- Network latency scales slower than bandwidth. This means that as the average bandwidth speeds increase among nodes on the network, block & data propagation speeds do not scale at the same rate.
- Larger blocks demand better data propagation (latency) to counter node centralization.
forever and ever
4 times slower in 20 years, 8 times in 40 years, and so on…
This is not new information either, he’s been spouting this misconception for years. He knows it’s not relevant. Even people who have hopped on the BCash bandwagon after knocking Bitcoin non-stop knew years ago that latency is the issue, but none of this stops this argument from being brought up over and over again. These tweets are from years ago (‘15/’16) and the following Reddit post was in April of this year (2018):
It’s not about storing those transactions. It’s about full-nodes being able to receive the transaction, check the UTXO set to verify the information in the transaction is correct, and consider it valid before sending it off to the next node to do the same. This takes time. This delays propagation. Then at some point a miner successfully finds a valid hash for a block and sends that block out to the network, which must then propagate to the nodes on the network and get validated just like all the transactions. There’s ways to shortcut this by checking the block against transactions you’ve already validated, but again it still takes time, and increasing the block size directly effects this process. If you want to increase the block size, put in work that helps offset this issue.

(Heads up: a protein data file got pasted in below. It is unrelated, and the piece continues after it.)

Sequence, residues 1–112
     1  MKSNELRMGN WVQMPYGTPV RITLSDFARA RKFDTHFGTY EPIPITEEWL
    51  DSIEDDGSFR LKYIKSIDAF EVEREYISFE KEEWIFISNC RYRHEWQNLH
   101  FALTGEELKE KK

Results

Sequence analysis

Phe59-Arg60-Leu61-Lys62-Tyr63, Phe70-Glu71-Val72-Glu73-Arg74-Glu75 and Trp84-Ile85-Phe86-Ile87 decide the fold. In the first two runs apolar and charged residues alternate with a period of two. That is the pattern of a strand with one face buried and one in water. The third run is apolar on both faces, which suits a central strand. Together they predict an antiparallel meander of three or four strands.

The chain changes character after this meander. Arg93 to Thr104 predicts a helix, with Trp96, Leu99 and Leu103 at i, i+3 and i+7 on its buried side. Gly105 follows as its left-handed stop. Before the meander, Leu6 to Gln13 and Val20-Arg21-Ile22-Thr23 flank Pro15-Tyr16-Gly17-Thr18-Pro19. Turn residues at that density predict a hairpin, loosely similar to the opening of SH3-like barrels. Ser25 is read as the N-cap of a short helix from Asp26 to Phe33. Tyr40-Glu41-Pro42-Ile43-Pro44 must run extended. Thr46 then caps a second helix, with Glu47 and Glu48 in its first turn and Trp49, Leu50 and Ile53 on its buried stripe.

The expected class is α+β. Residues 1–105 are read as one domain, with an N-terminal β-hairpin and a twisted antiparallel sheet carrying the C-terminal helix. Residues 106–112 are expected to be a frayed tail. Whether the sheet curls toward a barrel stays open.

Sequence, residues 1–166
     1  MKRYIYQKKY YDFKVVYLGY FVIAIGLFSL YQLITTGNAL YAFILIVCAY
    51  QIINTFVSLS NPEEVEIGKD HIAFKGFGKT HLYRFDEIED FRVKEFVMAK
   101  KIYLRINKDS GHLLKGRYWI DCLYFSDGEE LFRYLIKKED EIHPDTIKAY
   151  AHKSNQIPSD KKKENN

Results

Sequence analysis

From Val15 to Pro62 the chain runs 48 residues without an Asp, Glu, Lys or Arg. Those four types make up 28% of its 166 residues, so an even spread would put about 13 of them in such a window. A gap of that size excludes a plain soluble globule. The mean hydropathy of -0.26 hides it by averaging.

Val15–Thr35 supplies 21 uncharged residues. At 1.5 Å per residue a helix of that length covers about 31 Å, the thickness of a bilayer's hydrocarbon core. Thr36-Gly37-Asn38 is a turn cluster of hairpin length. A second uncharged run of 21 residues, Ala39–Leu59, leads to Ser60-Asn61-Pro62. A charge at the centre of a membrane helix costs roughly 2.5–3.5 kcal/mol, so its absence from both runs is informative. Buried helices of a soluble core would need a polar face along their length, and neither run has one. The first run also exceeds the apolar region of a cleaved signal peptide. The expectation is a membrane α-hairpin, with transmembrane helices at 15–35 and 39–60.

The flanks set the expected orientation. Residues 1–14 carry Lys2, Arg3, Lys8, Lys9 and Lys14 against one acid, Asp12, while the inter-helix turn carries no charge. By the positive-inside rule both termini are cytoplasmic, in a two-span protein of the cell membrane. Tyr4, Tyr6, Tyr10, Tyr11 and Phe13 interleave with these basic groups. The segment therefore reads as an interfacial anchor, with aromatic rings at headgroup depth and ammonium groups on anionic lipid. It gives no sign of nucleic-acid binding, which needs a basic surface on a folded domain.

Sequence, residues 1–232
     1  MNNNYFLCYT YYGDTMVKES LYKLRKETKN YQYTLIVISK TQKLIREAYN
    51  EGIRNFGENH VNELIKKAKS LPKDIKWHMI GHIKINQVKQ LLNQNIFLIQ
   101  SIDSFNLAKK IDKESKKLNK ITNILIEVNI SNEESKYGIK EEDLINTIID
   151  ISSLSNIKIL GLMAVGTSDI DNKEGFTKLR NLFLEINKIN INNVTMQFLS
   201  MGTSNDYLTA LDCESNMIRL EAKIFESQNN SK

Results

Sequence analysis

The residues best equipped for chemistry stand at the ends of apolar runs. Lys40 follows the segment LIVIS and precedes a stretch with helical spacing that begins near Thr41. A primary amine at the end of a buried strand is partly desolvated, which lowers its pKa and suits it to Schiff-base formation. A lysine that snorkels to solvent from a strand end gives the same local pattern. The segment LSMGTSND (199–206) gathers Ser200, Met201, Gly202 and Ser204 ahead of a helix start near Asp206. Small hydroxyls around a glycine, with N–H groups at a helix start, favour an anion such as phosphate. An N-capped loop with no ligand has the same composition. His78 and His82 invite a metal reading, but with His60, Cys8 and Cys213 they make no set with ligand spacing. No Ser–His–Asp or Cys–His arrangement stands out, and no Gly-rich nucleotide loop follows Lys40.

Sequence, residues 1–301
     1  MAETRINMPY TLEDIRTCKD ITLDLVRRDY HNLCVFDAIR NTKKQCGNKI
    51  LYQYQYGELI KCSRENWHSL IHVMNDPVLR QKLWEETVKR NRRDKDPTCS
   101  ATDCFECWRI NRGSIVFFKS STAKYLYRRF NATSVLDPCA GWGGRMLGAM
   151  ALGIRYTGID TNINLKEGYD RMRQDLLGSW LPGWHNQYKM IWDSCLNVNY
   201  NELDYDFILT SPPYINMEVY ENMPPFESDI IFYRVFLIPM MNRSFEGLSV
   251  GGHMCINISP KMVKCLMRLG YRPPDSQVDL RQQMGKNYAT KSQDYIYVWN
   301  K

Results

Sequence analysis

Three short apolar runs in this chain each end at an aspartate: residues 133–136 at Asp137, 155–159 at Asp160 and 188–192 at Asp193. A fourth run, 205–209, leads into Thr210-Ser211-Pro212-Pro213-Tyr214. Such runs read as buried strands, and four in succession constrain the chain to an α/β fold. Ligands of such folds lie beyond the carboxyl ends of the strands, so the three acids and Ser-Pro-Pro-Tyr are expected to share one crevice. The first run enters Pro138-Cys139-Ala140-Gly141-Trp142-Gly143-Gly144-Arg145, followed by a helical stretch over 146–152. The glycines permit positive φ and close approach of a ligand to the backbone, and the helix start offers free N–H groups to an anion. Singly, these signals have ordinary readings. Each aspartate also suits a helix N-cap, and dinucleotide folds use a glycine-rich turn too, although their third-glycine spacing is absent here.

This is real scaling:
So we’ve established (again…) that all of this is important because of the centralizing effects on full-nodes. Good, now that we’ve completely dismissed that argument, we can forget it even happened. Why? All that work you put into arguing with someone online over this doesn’t matter because:
You don’t need to run a node, only miners should decide what code is run.
There’s only two sides to this debate. “Non-mining” nodes matter, or they don’t. Anyone arguing in between these two stances is missing the bigger picture, or knows that arguing the middle ground helps the side you’re actually on win the tug of war.
…Let’s discuss why that’s a misunderstanding of the bigger picture, but first go over some simple concepts we should all be able to agree with.
- It’s better to overshoot security than it is to undershoot security.
- If a change in consensus results in an increase in the number of individuals with the ability to operate a full node, ceteris paribus, the network decentralizes by some value.
- If a change in consensus results in a decrease in the number of individuals with the ability to operate a full node, ceteris paribus, the network centralizes by some value.